I’ve grown up with certain values. My father is very orthodox and family-oriented. I don’t have modern sensibilities. I don’t think I can be in a live-in relationship. I don’t think I want to get married after a certain age. I want children but there’s no hurry. I may get married tomorrow or after two years. Giving a time limit to marriage is wrong. You don’t look for love. It comes to you.
You’ve been in relationships. Are they part of work or part of life?
That’s part of life which transcends work. But because you are a celebrity, there’s an invasion of your private life. If you are in a relationship, it’s not for the public, but for yourself. Actors live like gypsies and are constantly travelling; you need a stable factor in your life and when you meet somebody like that, why should you not do it? Why should I not have a normal life like another guy my age?
You are the youngest challenger for the top spot. Do you see a generation gap between you and the Khans, Hrithik Roshan?
My competition is not just Imran Khan, Shahid Kapoor and Harman Baweja. From Shah Rukh Khan to Mr Amitabh Bachchan, right down to Darsheel Zafary— they all are competition. I feel jealous of anyone who gives a good performance.
Which was the last performance you were jealous of?
Aamir Khan in 3 Idiots. But I don’t have a favourite actor nor do I have this notion that I’m going to be the next big superstar. Tomorrow I may have three flops and you wouldn’t even want to do this interview with me.
Do you analyse the problems that Abhishek Bachchan has been having lately?
When I started understanding my needs as an actor, I saw two great examples in Abhishek Bachchan and Hrithik Roshan. I started understanding cinema around the time they started acting. So, I followed their careers. I saw every film of theirs. Both are talented and hardworking. But it’s also about doing the right movies. When a film and a character connect, an actor makes a mark.
Shah Rukh Khan has a Baazigar, a Dilwale Dulhania Le Jayenge, a Dil To Pagal Hai and a Chak De! India. People love Shah Rukh Khan because of the memorable characters he played in these films, not because he did a good deed in his personal life.
You studied in a film school in New York. How much did you hear about Indian cinema there?
There’s awareness but I don’t think Bollywood has made such a great impact as Satyajit Ray has. They have this notion that Bollywood is all about song, dance and fun. What’s also sad is that people think Slumdog Millionaire is our film. The interest in Bollywood started with it. It took a British director to make a film like that.
But now we have new filmmakers, new ideas and actors who are willing to take the risk and do different characters. We should make films for our audience. If we make a good film, it will transcend any language. You don’t have to make a cool English or Hinglish film to hit the Hollywood market.You hear a lot of new directors saying they want to make an English or a Hollywood film. That doesn’t make sense. A Mother India or a Lagaan went to the Oscars because these are our films, our culture.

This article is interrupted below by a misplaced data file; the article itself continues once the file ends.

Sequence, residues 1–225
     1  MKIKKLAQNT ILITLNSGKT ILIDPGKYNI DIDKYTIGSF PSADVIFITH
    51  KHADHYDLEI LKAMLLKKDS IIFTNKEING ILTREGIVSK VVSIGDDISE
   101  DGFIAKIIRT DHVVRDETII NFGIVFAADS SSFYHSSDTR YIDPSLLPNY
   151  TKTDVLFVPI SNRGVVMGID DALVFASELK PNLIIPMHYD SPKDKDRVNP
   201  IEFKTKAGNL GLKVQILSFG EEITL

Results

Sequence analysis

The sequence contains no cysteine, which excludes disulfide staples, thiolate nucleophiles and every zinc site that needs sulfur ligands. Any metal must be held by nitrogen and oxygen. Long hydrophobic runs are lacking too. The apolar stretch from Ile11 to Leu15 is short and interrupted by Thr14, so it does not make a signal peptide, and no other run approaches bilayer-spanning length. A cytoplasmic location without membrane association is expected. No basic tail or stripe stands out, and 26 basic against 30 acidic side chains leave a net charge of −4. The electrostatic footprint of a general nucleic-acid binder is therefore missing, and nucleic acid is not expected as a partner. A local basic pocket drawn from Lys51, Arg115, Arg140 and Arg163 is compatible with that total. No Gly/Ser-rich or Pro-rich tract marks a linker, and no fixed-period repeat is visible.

Have you seen a lot of your grandfather Raj Kapoor’s work?
When I returned from America, my father told me that before I start acting, I should see all the movies by Raj Kapoor, Bimal Roy, Mehboob Khan, Satyajit Ray and Guru Dutt. So, for one year of my life, I just sat and watched all these DVDs.
Which are your favourites among your grandfather’s films?
Shri 420 and Jaagte Raho.
And your father’s?
I am a big fan of my father as an actor. I am not saying it because he is my father.
You can’t sing and dance like him.
No, I can’t. He is not a method actor. He acts from the heart. He is spontaneous. Whether he is romancing a woman or saying an emotional dialogue, you believe him.
Yes, you see the innocence. I think he was 17 or 18 when he shot that. Going back to our talk about age and success, he saw success when he was 18. So, I’m 10 years late.
Are there any films from the Kapoor banner you might want to redo now?
I don’t believe in remakes. A film is made to its best potential for its time. When you re-make a movie, you are riding on someone’s success.
Remakes are something I’ll never venture into.
I keep hearing that you want to work in a Kishore Kumar biopic.
A film was offered to me. The writer, a fan of Kishore Kumar from Kolkata, narrated his script to me on a flight and it engaged me. I’m confident it’ll engage the audience because it’s about a legend.
What other frontiers remain to conquer at an age, which you say is 10 years too late?
I have not done even 5 per cent of what I can do. I want to produce, direct, work with all the good directors, work with them again. I want to romance the most beautiful actresses. I want to make my parents proud of me. I want to be the biggest star and the greatest actor. I have miles to go. I’m not happy with anything I’ve done so far.
Well, I think you are on your way to being there. Maybe, we’ll have another conversation when you become an even bigger star.